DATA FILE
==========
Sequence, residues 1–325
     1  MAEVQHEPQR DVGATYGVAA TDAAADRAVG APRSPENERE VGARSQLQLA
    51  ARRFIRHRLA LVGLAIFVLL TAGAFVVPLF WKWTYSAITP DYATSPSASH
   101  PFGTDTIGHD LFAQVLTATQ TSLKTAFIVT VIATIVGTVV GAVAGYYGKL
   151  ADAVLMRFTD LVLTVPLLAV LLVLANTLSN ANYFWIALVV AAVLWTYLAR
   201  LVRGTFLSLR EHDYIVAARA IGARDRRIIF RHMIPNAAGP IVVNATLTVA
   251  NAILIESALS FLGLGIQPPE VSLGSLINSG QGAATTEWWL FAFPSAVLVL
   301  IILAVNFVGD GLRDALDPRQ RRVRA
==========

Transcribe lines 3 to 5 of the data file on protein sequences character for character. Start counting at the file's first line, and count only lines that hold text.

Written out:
    51  ARRFIRHRLA LVGLAIFVLL TAGAFVVPLF WKWTYSAITP DYATSPSASH
   101  PFGTDTIGHD LFAQVLTATQ TSLKTAFIVT VIATIVGTVV GAVAGYYGKL
   151  ADAVLMRFTD LVLTVPLLAV LLVLANTLSN ANYFWIALVV AAVLWTYLAR